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    Retirement Plans for Contingent Workers:

    Issues and Options

    William G. Gale, Sarah E. Holmes, and David C. John1

    September 23, 2016

    I. Introduction

    In the traditional employer-employee relationship, workers earn a salary or hourly wage

    and receive fringe benefits. Today, however, many workers have alternative work arrangements.

    In recent years, the rise of the so-called gig economy which allows people to hail cabs through

    Uber, find household help through TaskRabbit, and book lodging through Airbnb, among other

    applications has brought contingent workers into the spotlight. But similar issues have been

    present for the last several decades, as employers have substituted independent contractors or

    firms employing them for traditional employees. Few of these workers receive health or

    retirement benefits, and as a group, they are often overlooked in policy debates.

    The contingent workforce is diverse and large. The sector includes full-time workers as

    well as part-time or seasonal workers. It includes white-collar consultants and independent

    contractors, some of whom are highly paid, as well as blue-collar workers such as printers,

    security guards, maintenance professionals and factory workers, a significant number of whom

    1 Retirement Security Project, Brookings Institution. We thank Debbie Chalfie, Derek Dorn, Jason Fichtner, John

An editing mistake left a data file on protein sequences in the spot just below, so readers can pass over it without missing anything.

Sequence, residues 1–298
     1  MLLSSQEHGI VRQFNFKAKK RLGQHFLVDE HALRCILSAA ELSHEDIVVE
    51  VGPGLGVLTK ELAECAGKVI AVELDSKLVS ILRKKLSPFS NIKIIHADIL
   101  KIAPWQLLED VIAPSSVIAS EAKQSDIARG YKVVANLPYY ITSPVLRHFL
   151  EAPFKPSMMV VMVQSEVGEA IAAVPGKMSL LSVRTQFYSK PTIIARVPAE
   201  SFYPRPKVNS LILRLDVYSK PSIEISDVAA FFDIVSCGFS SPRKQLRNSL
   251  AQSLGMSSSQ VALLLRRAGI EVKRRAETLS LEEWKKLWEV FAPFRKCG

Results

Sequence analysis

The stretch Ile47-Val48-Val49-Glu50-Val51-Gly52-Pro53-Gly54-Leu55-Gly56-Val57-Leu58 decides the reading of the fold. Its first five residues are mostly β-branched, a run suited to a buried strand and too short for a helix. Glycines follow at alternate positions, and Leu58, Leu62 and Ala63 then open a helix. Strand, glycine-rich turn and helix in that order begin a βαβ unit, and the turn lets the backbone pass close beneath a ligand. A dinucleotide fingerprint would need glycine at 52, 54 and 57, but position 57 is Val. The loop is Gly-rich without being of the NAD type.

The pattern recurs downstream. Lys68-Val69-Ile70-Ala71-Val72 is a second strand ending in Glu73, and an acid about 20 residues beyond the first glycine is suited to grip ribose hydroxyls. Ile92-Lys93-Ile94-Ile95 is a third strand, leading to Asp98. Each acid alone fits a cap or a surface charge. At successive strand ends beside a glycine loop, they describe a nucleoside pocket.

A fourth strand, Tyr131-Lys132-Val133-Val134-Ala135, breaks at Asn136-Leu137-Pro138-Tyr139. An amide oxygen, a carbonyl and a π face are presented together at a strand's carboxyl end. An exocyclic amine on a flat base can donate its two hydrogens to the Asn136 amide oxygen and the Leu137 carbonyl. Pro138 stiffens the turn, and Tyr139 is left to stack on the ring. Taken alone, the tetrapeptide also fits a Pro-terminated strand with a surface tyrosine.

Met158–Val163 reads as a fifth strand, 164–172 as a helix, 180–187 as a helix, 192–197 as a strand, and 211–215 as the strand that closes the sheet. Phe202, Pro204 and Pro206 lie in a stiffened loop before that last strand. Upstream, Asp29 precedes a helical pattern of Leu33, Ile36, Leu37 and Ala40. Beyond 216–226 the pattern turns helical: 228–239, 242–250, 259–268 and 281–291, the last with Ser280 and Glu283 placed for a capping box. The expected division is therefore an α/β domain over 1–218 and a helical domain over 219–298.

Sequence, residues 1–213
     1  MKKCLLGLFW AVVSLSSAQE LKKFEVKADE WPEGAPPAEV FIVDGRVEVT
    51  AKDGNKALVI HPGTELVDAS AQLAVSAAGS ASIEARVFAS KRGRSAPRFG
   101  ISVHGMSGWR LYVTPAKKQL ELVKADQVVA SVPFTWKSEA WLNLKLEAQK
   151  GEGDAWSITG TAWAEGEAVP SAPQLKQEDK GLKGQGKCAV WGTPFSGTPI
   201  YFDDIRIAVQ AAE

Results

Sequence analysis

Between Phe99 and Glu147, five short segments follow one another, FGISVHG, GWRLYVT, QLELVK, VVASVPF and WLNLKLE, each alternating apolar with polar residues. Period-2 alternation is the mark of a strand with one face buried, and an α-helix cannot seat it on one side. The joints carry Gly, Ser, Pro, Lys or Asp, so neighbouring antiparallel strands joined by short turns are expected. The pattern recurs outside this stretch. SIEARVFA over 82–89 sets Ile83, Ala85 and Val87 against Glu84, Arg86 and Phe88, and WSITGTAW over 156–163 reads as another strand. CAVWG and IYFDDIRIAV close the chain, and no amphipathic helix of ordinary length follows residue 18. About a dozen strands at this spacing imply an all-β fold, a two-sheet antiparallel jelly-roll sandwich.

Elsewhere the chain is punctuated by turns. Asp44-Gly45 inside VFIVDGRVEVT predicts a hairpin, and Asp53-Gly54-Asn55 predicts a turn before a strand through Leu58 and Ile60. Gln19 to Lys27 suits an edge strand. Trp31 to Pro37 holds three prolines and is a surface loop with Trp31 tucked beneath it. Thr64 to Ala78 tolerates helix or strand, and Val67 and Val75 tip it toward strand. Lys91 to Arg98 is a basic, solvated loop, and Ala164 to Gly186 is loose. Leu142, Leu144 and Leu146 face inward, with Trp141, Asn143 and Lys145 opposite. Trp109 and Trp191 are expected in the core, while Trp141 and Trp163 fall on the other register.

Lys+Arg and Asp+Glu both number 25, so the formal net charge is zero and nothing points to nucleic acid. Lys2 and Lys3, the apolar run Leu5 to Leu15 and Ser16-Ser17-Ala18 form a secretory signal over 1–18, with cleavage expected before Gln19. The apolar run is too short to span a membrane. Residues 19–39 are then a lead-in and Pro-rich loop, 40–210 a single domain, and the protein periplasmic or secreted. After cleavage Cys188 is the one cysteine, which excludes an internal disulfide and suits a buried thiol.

Friedman, Hilary Gelfond, Joshua Gotbaum, Aaron Krupkin, Robert Toth, and Christian Weller for helpful

    comments. We thank the Laura and John Arnold Foundation for funding this work. The findings and conclusions

    are the responsibility of the authors and do not necessarily reflect positions or policies of the Brookings Institution,

    its funders, or any other organization.

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    were once regular employees. Some contingent workers, including many in the gig economy,

    also work in traditional jobs and use contingent work to supplement their other earnings. Some

    people do contingent work because they cannot find traditional employment, while others choose

    it because they prefer the flexibility of the hours or other aspects of the job.

    Using the most widely accepted definition, there were nearly 11 million contingent